Rainy Day Pasta Sort

Dried pasta has so many uses, whether for simple sensory play, making big instruments to shake, or enjoying a little early learning. So when Veronika was a little aimless today, I simply poured three different shapes of pasta from our pantry onto a tray. You can aim to have very different shapes (for a young toddler) or pasta with subtler differences for preschoolers. We used: farfalle, shells, and penne.

First, I invited Veronika to explore all three shapes. She loved that the farfalle looked just like butterflies!

Next, I set out three small containers and challenged her to sort the pasta. The idea was a little hard at first (words like “sort” or “match” are new vocabulary for her). But once I put a few shells in one bin and then asked, “Where does the shell go?” she latched onto the idea. Soon we had three sorted types of pasta!

Of course then it became a free-for-all, with lots of sensory scooping and dumping of all that pasta. You can even dye it if you want to fill up even more time on a rainy day!

Dinosaur Fossil Excavation

Depending on the age of your child, this game can be either mostly sensory play or mostly STEM play. Either way, it’s sure to delight!

I set up a dinosaur excavation pit for Veronika with three kinds of “dirt”. The first was a box of chocolate cake mix, the second was crushed chocolate cookies, and the third was regular flour (although whole wheat flour probably would have worked better).

Next, I buried a few of our small plastic dinosaurs under the “dirt”. If your children are older, you can use store-toy bones or fossil prints, instead (or even make your own). Since I knew Veronika wouldn’t quite understand what she was seeing with the fossils, we stuck with whole dinosaur bodies. She was about to be a very lucky paleontologist.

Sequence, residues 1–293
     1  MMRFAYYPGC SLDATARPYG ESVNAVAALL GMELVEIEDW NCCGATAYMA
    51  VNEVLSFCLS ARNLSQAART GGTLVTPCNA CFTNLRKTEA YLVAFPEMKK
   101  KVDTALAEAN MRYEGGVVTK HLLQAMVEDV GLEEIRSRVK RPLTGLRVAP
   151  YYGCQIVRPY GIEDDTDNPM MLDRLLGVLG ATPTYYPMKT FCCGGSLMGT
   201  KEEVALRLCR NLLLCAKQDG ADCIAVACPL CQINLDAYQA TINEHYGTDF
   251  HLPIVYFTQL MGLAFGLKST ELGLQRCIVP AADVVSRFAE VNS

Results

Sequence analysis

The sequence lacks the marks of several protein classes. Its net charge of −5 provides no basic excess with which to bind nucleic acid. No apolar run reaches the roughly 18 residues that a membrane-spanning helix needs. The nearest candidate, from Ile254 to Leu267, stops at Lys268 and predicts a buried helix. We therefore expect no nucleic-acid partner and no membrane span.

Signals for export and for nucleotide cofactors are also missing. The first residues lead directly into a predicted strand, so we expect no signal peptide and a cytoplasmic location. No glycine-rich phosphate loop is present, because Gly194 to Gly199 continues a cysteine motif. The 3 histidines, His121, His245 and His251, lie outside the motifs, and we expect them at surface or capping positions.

I scattered a few rocks on top for a finishing touch, then set out an old shaving brush, bucket, and shovel. Time to dig!

She immediately took to shoveling up the dirt and transferring to her bucket, a process which she absolutely loved.

I showed her how to brush the dust and grime off the dinosaurs as she unearthed each one, but honestly she wasn’t much interested. Dinos, rocks, and dirt alike went into her bucket and then were dumped into the tray to start all over. She also enjoyed pouring the “dirt” back and forth between a few small plastic cups.

Don’t fear the clean-up. The mixture sweeps up easily… as long as you don’t get it wet. Trust me: You do not want to deal with wet chocolate cake mix on your floor.

Fruit Dips

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Veronika doesn’t like to eat yogurt off a spoon, but here’s a fantastic way to introduce the flavor to little ones who might otherwise be hesitant: turn it into a dip!

In general, toddlers love to dip food and this snack plays right into that desire. I set out a plate for her with a variety of cut up fruits, including strawberries, nectarine, oranges, green grapes, apple, banana, and pineapple. I wasn’t aiming for a full rainbow (although you could!), but we did hit nearly every hue from ROYGBIV.